The 2013 Arizona Fall League season kicks off tomorrow night, another chance for established prospects to improve their stock and non or fringe prospects to possibly work their way onto the Major League radar. The Yankees will once again be well represented, sending 7 players to join the Scottsdale Scorpions, but unlike last year the 7 representatives aren’t all household names. This year’s group includes everybody from top 3 organizational prospects to a few players whose names you might have never heard. If you aren’t up to date on who’s making the trip this fall, here’s your refresher.
The position player representatives are where you’ll find the most familiar faces. Double-A outfielders Mason Williams and Tyler Austin – 2 of the top 3-5 organizational prospects on most every reputable ranking list – highlight the group, with High-A C/3B Peter O’Brien rounding it out. Both Williams (.317 wOBA/95 wRC+ in High-A Tampa) and Austin (.333/103 in Double-A) had down years offensively after breezing through the lower levels of the system. Williams had his character and attitude questioned multiple times during the season while Austin was hampered by a wrist injury, so both have something to prove to scouts. Even in a hitter’s league, improved on-base skills from Williams and power from Austin would be reassuring to see as they inch closer to consideration for a Major League roster spot.
For O’Brien, the trip to the AZFL is more to see if he can hack it defensively at any position. A college catcher, O’Brien was moved to third base upon his promotion to High-A Tampa this season, where he committed a litany of errors and had a hard time adjusting. He was never expected to catch long term professionally, so the Yankees need to find a spot to hide him defensively if they want to try to turn his power into something useful. At the very least, extra reps at the hot corner should give them an answer on whether or not that’s the place for him moving forward.
On the mound, it’s quite the eclectic group of guys from multiple levels of the farm system. The standout name is Vidal Nuno, the soft-throwing lefty who breezed through the upper levels of the system and made some solid spot appearances in the Majors earlier in 2013. A groin injury limited Nuno to just 45.0 IP between Triple-A and the Majors though, and he spent the better part of his summer rehabbing from the injury. His invite to the AZFL is about getting him some work to make up for missed time, and it’s also another Major League audition for 2014. Expect to see him work in a variety of roles: starter, long reliever, and maybe even as a matchup lefty.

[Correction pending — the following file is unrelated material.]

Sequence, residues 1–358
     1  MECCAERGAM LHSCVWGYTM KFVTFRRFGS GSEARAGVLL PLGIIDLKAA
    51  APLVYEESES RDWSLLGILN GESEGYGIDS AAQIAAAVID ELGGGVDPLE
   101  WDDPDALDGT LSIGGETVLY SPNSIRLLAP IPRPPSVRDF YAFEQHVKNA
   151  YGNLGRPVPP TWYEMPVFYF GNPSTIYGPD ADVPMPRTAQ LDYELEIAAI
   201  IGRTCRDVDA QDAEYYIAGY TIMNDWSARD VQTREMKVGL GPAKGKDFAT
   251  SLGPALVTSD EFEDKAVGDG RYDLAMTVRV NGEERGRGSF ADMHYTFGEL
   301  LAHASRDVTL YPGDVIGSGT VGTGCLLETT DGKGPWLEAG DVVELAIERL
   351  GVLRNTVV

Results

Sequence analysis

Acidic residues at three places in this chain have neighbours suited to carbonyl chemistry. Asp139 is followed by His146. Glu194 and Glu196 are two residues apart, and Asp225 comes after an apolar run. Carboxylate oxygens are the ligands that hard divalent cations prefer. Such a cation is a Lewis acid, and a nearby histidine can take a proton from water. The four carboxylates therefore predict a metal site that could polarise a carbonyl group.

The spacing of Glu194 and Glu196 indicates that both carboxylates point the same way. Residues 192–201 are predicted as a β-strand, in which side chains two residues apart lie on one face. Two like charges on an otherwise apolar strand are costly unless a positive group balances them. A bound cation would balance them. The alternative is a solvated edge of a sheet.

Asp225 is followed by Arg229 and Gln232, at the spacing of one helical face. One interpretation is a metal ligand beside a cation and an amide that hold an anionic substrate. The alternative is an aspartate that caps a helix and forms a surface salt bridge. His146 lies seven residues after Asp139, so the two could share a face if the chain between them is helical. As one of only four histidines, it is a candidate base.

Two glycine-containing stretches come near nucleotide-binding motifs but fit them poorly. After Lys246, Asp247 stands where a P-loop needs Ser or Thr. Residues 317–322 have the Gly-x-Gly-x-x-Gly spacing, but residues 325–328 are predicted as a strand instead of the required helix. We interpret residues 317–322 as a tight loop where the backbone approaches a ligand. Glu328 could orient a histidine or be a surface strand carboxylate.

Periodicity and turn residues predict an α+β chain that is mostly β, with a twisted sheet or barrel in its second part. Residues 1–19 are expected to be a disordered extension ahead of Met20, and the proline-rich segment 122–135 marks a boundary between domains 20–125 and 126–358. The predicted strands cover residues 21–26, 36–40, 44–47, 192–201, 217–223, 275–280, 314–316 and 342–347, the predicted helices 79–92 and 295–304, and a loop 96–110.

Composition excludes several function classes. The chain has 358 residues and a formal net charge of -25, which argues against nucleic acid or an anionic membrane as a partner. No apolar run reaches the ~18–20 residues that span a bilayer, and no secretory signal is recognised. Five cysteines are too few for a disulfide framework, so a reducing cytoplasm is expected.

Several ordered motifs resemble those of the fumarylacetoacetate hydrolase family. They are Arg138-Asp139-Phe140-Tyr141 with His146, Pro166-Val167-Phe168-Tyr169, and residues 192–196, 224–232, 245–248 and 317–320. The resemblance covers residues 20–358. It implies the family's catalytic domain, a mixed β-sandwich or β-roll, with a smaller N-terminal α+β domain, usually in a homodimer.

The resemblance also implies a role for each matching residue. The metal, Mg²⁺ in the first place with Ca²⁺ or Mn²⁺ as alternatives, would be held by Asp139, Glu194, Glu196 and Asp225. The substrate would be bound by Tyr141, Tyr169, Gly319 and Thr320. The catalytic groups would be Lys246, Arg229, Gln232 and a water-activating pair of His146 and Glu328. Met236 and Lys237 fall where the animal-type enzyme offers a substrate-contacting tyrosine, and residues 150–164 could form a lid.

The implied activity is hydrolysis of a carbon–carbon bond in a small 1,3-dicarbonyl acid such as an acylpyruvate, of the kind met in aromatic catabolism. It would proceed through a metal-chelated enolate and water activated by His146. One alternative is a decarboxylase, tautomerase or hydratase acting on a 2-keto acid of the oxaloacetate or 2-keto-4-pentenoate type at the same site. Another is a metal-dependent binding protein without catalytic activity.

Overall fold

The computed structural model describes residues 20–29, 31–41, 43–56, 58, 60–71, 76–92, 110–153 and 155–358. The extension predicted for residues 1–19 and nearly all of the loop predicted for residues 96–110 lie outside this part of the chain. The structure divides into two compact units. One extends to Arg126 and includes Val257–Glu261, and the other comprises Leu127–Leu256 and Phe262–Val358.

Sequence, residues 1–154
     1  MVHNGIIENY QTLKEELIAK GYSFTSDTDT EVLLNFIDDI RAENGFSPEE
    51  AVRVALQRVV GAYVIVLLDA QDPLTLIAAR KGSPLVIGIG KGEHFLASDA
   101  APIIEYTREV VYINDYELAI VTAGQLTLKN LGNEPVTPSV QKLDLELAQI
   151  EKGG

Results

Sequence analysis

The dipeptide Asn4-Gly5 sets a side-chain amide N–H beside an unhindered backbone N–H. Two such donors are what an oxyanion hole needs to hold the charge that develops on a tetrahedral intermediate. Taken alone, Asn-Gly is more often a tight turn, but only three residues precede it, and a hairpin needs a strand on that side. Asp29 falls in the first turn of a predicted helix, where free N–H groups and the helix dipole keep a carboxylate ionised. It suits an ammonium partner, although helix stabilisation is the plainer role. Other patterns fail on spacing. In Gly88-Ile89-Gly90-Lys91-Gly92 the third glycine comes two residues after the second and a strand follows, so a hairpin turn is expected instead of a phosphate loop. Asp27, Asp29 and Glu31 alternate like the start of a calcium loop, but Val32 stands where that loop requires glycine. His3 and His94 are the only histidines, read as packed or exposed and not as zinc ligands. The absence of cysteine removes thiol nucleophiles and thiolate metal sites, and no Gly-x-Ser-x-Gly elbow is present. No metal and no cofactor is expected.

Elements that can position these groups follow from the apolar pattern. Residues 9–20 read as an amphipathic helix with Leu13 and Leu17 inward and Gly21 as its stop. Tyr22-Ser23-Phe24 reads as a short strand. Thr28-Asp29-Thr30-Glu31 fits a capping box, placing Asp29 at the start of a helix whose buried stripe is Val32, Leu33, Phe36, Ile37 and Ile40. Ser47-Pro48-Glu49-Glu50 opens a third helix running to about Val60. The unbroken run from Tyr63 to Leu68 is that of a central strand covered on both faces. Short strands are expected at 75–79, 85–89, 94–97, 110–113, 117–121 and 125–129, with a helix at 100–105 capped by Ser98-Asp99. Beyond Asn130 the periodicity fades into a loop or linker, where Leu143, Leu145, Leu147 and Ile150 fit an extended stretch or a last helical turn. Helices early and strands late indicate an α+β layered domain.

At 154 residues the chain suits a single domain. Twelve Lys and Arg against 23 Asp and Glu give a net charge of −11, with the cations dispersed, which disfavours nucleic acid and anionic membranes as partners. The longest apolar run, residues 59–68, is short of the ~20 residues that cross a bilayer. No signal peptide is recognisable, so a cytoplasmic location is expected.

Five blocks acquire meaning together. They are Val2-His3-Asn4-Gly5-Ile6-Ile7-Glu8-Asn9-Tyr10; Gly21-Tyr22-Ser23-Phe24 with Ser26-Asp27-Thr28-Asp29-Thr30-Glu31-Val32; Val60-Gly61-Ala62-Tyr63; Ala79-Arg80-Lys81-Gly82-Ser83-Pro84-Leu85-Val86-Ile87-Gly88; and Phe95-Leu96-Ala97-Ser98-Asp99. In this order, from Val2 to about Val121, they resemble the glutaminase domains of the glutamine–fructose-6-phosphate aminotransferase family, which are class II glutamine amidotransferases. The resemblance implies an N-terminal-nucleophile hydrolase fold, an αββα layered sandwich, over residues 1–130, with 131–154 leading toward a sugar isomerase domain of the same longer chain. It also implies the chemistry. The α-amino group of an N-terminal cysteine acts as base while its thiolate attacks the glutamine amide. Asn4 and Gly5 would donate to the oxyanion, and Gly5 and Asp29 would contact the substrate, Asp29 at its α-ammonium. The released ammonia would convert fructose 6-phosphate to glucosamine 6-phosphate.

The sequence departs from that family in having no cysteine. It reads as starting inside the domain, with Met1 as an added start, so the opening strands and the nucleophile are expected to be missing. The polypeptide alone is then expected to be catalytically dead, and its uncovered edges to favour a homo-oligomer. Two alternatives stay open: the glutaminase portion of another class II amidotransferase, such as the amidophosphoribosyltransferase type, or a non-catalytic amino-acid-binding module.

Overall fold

After Nuno, the level of familiarity drops significantly. The next most well known name is Brett Gerritse, a right-handed pitcher who put up a 3.56 ERA (2.39 FIP) in 101.0 IP as a starter and a reliever for Low-A Charleston this season. It was his second full year at the level, second year working multiple roles, and second year that he pitched pretty well in those roles. Him getting selected for the hitter-friendly AZFL is most likely a test to see just how real those Low-A results were.
Lefties Fred Lewis and James Pazos round out the group. Lewis, 26, pitched 58.2 innings across 3 levels this season, including a late cup of coffee in Triple-A. Pazos, 22, has been working as a multi-inning lefty reliever in the low levels of the system after being taken in the 13th round of the 2012 draft. With Boone Logan set to hit free agency and no clear cut replacement around, this is no doubt an attempt by the Yankees to see if they have a possible future lefty specialist or 2 hiding in the weeds.
It’s a diverse group of players this year, in terms of prospect status, ceiling, name recognition, and experience. The decision to bring guys like Lewis and Pazos along with guys like Austin and Nuno may give a little insight into the Yankees’ future plans. They aren’t just looking to see who can help next year, they’re thinking about 2015 already as well. Once those guys get in and pitch against this higher level of hitting competition, we’ll have a better idea of how real their chances are of being a part of those future plans.